Blog: Dean BestSoil Association looks back for the future

Dean Best | 12 November 2009

In London today (12 November), UK organic body The Soil Association has brought together organic food makers, academics, NGOs, government representatives and retailers to discuss what it is calling "the food crunch".

Or, in other words, to discuss how the world can continue to feed itself in the face of a number of pressing issues, including a warming planet and a growing population.

The message from this morning's session was stark - "business as usual" cannot continue.

However, as is to be expected when presented with perhaps the most wide-ranging set of problems and challenges ever faced by humanity, how to move away from "business as usual" is a matter of debate.

For some, we need to think 'local' in food production. Others believe tackling food waste is vital. There are those who believe big business is blocking the change that is needed. Others argue that political leaders across the world have yet to grasp the nettle - and that the imminent climate change conference in Copenhagen will yield few substantive results.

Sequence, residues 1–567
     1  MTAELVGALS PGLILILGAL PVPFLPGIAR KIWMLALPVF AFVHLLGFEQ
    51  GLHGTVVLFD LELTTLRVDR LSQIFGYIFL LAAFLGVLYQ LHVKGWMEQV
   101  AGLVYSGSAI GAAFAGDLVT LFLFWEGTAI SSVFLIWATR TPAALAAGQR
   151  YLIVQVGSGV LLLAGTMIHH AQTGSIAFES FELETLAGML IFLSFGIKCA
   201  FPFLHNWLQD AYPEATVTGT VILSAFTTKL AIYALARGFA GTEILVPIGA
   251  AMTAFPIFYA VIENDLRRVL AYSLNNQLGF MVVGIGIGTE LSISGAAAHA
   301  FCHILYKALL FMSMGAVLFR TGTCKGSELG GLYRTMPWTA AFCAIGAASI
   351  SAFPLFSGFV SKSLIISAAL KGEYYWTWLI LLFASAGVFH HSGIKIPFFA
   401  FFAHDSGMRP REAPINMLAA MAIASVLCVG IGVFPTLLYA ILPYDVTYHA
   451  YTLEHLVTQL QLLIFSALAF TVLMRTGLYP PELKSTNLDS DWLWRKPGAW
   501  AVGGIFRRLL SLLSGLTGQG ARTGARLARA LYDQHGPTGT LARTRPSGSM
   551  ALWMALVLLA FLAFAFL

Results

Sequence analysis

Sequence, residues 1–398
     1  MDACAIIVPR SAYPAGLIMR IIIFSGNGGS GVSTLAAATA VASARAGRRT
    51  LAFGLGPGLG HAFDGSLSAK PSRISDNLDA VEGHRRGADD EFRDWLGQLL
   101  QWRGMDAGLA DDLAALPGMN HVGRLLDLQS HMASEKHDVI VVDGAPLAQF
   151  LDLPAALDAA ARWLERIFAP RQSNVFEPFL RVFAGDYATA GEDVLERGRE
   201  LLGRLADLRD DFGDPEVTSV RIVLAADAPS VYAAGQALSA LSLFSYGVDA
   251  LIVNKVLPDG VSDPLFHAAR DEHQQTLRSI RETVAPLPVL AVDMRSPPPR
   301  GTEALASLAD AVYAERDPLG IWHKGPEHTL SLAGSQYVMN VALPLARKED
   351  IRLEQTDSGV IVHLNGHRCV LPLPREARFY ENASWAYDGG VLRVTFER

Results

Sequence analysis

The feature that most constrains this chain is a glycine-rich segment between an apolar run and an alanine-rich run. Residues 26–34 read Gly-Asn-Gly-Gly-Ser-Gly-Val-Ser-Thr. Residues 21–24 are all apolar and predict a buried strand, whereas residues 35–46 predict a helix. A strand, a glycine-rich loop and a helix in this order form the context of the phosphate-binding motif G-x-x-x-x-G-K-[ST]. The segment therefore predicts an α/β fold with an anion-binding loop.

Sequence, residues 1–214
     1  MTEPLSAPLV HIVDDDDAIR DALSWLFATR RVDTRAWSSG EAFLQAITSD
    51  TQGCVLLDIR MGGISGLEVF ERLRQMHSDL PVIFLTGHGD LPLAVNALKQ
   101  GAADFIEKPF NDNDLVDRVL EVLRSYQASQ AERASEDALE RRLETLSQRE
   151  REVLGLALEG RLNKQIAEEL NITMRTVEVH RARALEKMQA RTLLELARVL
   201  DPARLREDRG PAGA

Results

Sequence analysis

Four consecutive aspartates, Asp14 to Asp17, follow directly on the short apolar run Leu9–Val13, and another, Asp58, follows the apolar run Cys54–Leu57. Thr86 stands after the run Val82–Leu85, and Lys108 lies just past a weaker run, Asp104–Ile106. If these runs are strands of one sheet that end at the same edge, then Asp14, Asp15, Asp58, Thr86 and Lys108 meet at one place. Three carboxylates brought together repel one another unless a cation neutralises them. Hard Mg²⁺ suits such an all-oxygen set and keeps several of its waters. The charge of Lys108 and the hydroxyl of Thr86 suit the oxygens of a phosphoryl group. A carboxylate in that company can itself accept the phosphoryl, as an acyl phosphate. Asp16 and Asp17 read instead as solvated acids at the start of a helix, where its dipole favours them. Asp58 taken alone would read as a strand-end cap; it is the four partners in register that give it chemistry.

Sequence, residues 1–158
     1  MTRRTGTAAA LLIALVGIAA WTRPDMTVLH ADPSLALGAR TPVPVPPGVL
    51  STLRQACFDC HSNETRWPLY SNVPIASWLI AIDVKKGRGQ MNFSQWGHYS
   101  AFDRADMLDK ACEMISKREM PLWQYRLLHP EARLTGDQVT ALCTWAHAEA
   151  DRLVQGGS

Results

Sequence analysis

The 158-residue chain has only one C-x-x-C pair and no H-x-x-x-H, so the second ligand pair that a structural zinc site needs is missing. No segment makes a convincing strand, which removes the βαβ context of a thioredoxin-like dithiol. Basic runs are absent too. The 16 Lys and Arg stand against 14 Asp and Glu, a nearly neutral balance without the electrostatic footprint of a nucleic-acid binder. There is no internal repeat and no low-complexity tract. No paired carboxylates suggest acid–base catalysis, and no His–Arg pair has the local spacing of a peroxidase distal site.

Patrick Holden, chief executive of The Soil Association, raised eyebrows; first, by agreeing with much of what his predecessor at the lectern Defra chief scientist Professor Bob Watson had to say on the issue (opposition to GM notwithstanding) - but also with his call for greater planning in how the food system works at local, regional and national levels.

Notably, Holden said all stakeholders needed to work together and likened the action needed to a "war effort".

Sections of industry spent the morning under attack from the World Development Movement, which claimed lobbying from big business had defined trade law and global food policy in its favour.

This afternoon, Asda puts its head above the parapet to suggest how industry can play a proactive role in enacting the change that is needed.


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